Fixing Trademark Law
from the is-it-time? dept
On the whole, I think it's a good discussion, but I'm not sure I agree entirely. While initially codifying fair use within trademark law sounds like a good idea, my recent conversation with William Patry may have changed my mind on that topic. He pointed out that codifying fair use in copyright law ended up doing more to narrowly limit how fair use was applied, rather than allow judges to make a more expansive and reasonable view of what constitutes fair use. He pointed to the writings of Pierre Leval on fair use, which should be required reading for anyone looking to understand fair use. Given an attempt to codify fair use in trademark law, we might end up with the same set of limitations. While having more clearly defined lines may seem like a good idea, it also provides less flexibility, and more of an opportunity to fence in fair use, rather than letting it adapt as necessary.
On the second suggestion, concerning "use in commerce," we agree that current definitions are all over the map, but again, I wonder if trying to codify it via Congress leads to more problems than solutions. Any attempt will almost certainly screw up unique cases, leading to trouble down the road. Finally, I do absolutely agree on a safe harbor need in trademark, especially as those looking to bring copyright and defamation lawsuits have recently been bending over backwards to sneak in a trademark claim as well to try to avoid the other safe harbors.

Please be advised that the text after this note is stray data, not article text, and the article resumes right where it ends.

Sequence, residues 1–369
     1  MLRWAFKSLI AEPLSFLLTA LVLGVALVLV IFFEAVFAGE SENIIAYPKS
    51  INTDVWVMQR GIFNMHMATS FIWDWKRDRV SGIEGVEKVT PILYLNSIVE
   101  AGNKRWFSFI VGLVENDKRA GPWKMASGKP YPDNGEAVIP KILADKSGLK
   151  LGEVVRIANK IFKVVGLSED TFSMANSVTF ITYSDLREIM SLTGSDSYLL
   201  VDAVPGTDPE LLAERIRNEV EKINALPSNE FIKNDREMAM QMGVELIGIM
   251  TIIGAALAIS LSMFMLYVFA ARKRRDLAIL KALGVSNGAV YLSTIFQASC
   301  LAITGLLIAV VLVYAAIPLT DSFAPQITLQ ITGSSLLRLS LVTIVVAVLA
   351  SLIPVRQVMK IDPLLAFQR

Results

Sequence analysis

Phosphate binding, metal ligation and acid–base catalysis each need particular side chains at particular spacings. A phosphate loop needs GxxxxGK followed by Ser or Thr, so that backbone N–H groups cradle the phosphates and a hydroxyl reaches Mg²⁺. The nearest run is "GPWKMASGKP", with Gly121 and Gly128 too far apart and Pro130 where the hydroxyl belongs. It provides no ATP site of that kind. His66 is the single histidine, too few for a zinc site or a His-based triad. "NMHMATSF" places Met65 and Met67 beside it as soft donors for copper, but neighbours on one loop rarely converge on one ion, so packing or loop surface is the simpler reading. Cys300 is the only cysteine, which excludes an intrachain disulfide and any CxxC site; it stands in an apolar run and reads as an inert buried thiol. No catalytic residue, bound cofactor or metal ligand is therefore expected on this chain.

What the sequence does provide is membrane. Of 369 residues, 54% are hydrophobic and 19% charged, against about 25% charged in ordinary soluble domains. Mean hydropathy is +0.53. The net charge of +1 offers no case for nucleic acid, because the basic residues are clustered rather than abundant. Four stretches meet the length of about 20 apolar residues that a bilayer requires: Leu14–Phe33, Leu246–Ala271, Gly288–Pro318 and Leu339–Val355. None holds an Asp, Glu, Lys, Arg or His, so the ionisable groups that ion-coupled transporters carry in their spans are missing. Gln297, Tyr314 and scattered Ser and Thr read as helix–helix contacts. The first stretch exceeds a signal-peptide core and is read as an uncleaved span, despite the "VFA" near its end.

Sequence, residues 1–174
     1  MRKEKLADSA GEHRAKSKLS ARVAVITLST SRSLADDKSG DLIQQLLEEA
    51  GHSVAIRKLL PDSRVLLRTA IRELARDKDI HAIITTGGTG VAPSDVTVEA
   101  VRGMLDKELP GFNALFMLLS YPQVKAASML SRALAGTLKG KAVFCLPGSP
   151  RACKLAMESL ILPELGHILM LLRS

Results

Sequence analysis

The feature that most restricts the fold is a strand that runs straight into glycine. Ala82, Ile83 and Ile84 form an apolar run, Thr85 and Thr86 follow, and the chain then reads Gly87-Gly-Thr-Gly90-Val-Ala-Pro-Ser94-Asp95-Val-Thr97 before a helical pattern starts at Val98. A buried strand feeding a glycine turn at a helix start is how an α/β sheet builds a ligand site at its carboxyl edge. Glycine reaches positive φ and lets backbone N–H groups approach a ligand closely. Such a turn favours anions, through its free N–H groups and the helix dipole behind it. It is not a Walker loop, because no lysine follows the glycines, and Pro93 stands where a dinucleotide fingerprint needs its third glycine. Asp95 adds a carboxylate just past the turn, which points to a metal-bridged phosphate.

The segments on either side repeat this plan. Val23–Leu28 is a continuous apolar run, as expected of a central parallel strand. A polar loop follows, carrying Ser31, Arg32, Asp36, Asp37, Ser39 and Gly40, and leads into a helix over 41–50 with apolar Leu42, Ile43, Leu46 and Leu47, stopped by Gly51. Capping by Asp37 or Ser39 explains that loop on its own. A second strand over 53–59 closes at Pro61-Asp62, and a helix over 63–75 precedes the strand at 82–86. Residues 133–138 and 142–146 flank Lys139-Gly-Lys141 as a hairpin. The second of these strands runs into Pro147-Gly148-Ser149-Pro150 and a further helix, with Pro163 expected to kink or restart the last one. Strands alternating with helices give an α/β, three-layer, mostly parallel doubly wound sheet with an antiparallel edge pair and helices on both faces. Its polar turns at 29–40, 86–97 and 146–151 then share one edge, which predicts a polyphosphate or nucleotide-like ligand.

As for the improving trademark law in other ways, I would think that the best way to do so, would be to ditch the (relatively) recent concept of "dilution" as trademark infringement, and focus on the real purpose of trademark law: to prevent consumer confusion and "passing off" of one good as made by someone else. As such, I've long been a big proponent of the "moron in a hurry" test that actually has been used in some cases (i.e., "would a moron in a hurry confuse this product and believe it was made by or endorsed by the trademark holder"). Focusing on just that test as a determination of trademark infringement would likely solve many of the common problems with trademark law -- including, most likely, removing the need for either a codified fair use of "use in commerce" clause. Instead, you just apply the moron in a hurry test and toss those lawsuits that wouldn't confuse said morons.